1973 • The Sting

The Sting, 1973

The Sting, 1973 Best Picture winner

Ladies and gentlemen, I think we have a new #1 movie on my rankings!  Last night’s viewing of 1973 Best Picture The Sting was non-stop entertainment throughout all seven segments, catapulting it ahead of 1946’s The Best Years of Our Lives on my list.  Lauren seemed to agree that it was at least one of the better movies we’ve seen, though she made no proclamation of it being the single best.

For me, one of the most entertaining possible plot lines for a movie is the elaborate hoax.  Just look at Windy City Heat and how much I adored that made-for-TV movie.  Movies involving con men also typically rate high for me, as was the case with Matchstick Men. So to have the best of both worlds come together in The Sting made for a very enjoyable two hours and nine minutes in front of the TV.

Another aspect that I really liked about this movie is that it was a fairly complicated plot with many characters, yet I was able to follow along!  My downfall with movies with lots of stuff going on is I lose track of who’s who and what’s going on and why (Wikipedia has helped me through some very tough times).  Maybe it was because of The Sting’s big name cast (Robert Redford and Paul Newman) but I was pretty much in tune with everything except for the parts they didn’t want you to know about until the end.

The basic plot line involves a young grifter (Redford) named Hooker who befriends one of the all-time greats (Newman), and the two perpetrate an elaborate con to bilk the evil Lonnegan out of $500,000. Based in 1936 Chicago, the movie is set to ragtime music.  It is one of the very few movies we’ve seen in this project that has made me laugh out loud, and perhaps the only one to do so multiple times.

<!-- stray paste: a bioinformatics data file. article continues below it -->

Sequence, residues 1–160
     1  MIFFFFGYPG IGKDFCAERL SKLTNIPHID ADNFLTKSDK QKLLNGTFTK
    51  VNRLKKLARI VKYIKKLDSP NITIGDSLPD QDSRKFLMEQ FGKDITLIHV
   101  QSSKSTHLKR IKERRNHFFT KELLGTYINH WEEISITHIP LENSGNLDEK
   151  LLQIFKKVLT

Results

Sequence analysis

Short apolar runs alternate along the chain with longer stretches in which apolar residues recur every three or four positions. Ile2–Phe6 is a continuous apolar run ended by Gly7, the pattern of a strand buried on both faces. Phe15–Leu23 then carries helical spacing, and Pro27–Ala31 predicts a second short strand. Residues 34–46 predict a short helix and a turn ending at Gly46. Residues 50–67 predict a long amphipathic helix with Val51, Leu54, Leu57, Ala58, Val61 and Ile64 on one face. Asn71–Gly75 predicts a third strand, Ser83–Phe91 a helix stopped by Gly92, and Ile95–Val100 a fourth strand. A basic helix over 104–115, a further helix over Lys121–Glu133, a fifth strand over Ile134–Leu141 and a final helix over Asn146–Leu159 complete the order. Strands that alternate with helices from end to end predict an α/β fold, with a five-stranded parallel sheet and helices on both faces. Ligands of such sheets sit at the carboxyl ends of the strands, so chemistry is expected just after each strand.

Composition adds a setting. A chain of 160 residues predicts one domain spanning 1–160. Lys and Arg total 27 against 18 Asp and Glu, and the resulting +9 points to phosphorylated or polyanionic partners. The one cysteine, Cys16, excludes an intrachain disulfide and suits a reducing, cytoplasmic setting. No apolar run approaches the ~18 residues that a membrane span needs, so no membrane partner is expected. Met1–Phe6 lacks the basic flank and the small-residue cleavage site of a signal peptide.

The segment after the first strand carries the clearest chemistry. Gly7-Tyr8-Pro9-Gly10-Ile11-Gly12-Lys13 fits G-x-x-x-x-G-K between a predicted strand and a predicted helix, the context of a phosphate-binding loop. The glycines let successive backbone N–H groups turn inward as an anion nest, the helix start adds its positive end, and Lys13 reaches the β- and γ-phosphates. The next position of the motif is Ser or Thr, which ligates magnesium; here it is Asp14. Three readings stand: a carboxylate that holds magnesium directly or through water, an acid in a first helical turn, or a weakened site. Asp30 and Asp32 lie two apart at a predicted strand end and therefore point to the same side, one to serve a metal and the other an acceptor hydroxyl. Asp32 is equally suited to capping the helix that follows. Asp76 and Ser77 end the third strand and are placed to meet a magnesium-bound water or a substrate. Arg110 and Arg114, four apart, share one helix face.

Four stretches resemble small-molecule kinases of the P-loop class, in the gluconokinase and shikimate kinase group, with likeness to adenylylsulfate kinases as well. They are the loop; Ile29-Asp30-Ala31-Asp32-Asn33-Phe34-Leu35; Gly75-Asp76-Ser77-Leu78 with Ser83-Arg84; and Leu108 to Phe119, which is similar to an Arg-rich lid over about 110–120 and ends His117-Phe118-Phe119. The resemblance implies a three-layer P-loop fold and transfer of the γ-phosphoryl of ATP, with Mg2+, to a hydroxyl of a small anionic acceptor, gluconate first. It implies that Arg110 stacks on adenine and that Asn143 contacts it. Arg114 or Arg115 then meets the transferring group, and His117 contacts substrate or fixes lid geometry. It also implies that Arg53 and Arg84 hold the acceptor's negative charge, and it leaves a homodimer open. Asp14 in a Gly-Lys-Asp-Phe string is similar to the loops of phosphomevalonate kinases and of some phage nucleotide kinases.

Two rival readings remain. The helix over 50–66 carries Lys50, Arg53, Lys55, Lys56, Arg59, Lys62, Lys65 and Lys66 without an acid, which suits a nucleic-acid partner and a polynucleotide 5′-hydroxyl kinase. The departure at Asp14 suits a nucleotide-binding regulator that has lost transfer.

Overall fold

Here’s a fun fact about the movie.  They used the same diner that you see in the Back to the Future movies.  In the sequel, it serves as Cafe 80’s!

The film was winner of seven Oscars, but won no acting awards which is surprising.

Overall, of all the Best Pictures we’ve seen so far, this is the one I’m most likely to a) watch again and b) recommend to others. Of course, it is already a classic and many have already seen it.  I was told ahead of time by a co-worker’s wife that it is her favorite all-time Oscar winner.

Next up, The Godfather: Part II.

1 Comment

  1. […] Stung Lauren and I watched our latest Best Picture winner last night, 1973’s The Sting, which instantly became my #1 movie in the project this far, topping 1946’s The Best Years of Our Lives. Read the full review here! […]


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